Ohba T, Watanabe H, Murakami M, Takahashi Y, Iino K, Kuromitsu S, Mori Y, Ono K, Iijima T, Ito H.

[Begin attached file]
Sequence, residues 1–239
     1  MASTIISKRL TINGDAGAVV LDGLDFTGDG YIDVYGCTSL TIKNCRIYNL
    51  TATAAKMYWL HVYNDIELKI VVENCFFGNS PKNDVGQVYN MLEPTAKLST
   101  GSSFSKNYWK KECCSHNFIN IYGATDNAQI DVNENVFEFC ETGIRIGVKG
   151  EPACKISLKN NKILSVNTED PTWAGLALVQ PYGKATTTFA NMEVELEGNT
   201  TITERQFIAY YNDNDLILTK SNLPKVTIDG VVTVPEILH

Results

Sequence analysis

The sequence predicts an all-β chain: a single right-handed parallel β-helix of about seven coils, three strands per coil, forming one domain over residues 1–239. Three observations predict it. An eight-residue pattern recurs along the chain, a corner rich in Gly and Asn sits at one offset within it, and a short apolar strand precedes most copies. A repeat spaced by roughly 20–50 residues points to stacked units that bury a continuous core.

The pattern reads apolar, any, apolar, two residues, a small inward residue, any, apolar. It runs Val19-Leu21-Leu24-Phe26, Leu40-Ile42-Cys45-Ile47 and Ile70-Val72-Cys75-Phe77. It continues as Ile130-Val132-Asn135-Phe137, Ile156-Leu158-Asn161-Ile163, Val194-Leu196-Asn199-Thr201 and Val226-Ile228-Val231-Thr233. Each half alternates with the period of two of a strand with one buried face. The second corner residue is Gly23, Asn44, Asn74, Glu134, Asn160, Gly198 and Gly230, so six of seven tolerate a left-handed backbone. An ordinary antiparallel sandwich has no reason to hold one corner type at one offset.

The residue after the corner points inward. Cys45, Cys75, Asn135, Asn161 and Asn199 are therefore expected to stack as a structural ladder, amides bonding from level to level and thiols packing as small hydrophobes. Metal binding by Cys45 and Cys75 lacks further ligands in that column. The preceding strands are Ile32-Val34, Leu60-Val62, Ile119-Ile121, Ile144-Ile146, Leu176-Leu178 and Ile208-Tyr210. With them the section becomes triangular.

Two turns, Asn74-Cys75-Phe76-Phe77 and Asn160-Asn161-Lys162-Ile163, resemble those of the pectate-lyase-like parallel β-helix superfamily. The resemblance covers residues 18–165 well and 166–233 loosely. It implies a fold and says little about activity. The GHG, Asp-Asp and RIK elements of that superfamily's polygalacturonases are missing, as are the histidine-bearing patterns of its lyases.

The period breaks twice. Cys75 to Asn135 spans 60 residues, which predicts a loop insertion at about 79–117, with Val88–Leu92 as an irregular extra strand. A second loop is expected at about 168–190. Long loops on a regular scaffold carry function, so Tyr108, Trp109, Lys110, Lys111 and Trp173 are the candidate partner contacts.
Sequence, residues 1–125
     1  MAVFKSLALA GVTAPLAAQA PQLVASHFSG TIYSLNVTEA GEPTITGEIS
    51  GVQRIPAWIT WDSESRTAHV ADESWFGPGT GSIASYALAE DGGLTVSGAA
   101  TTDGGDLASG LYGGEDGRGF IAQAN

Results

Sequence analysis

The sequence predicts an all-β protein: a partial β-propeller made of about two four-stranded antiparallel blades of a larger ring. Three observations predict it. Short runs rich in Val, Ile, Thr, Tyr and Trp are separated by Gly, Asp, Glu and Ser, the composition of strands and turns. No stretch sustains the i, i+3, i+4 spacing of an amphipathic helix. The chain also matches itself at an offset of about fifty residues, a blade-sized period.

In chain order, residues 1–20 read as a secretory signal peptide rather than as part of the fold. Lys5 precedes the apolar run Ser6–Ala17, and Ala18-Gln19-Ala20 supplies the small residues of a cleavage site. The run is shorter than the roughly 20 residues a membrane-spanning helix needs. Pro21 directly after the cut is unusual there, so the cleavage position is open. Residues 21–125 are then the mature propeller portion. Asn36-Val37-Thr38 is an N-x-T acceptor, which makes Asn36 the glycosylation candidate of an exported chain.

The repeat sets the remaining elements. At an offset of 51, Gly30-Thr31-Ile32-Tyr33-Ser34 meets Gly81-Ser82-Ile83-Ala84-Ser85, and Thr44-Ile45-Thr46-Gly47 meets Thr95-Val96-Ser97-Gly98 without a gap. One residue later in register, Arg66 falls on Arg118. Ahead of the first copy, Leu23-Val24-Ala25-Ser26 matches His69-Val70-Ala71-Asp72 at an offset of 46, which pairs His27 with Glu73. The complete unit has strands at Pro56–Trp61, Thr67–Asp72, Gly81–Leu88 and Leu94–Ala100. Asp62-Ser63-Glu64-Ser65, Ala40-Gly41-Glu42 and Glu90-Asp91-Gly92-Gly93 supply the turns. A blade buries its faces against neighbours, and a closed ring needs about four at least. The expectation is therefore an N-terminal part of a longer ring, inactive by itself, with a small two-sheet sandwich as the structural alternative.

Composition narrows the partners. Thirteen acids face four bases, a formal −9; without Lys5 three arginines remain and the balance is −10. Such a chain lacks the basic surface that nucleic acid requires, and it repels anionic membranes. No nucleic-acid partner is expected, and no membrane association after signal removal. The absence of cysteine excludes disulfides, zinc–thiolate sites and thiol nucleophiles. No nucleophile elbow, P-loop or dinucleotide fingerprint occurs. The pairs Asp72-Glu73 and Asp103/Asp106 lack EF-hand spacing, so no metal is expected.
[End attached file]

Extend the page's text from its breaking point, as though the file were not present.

The importance of Ca(2+) entry in the cardiac hypertrophic response is well documented, but the actual Ca(2+) entry channels remain unknown. Transient receptor potential (TRP) proteins are thought to form either homo- or heteromeric Ca(2+) entry channels that are involved in the proliferation and differentiation of various cells. The purpose of this study was to explore the potential involvement of TRP channels in the development of cardiac hypertrophy. The mRNA and protein expression of several TRP channel subunits were evaluated using hearts from abdominal aortic-banded (AAB) rats. Although TRPs C1, C3, C5, and C6 were constitutively expressed, only TRPC1 expression was significantly increased in the hearts of AAB rats compared to sham-operated rats. Using primary cultures of neonatal rat cardiomyocytes, we detected increases in the expression of TRPC1, brain natriuretic peptide (BNP), and atrial natriuretic factor (ANF), as well as increases in store-operated Ca(2+) entry (SOCE) and cell surface area, following endothelin-1 (ET-1) treatment. Silencing of the TRPC1 gene via small interfering RNA (siRNA) attenuated SOCE and prevented ET-1-, angiotensin-II (AT II)-, and phenylephrine (PE)-induced cardiac hypertrophy. In HEK 293T cells, overexpression of TRPC1 augmented SOCE, leading to an increase in nuclear factor of activated T cells (NFAT) promoter activity, while co-transfection with dominant-negative forms of TRPC1 suppressed it. In conclusion, TRPC1 functions in Ca(2+) influx, and its upregulation is involved in the development of cardiac hypertrophy; moreover, it plays an important role in the regulation of the signaling pathways that govern cardiac hypertrophy. These findings establish TRPC1 as a functionally important regulator of cardiac hypertrophy.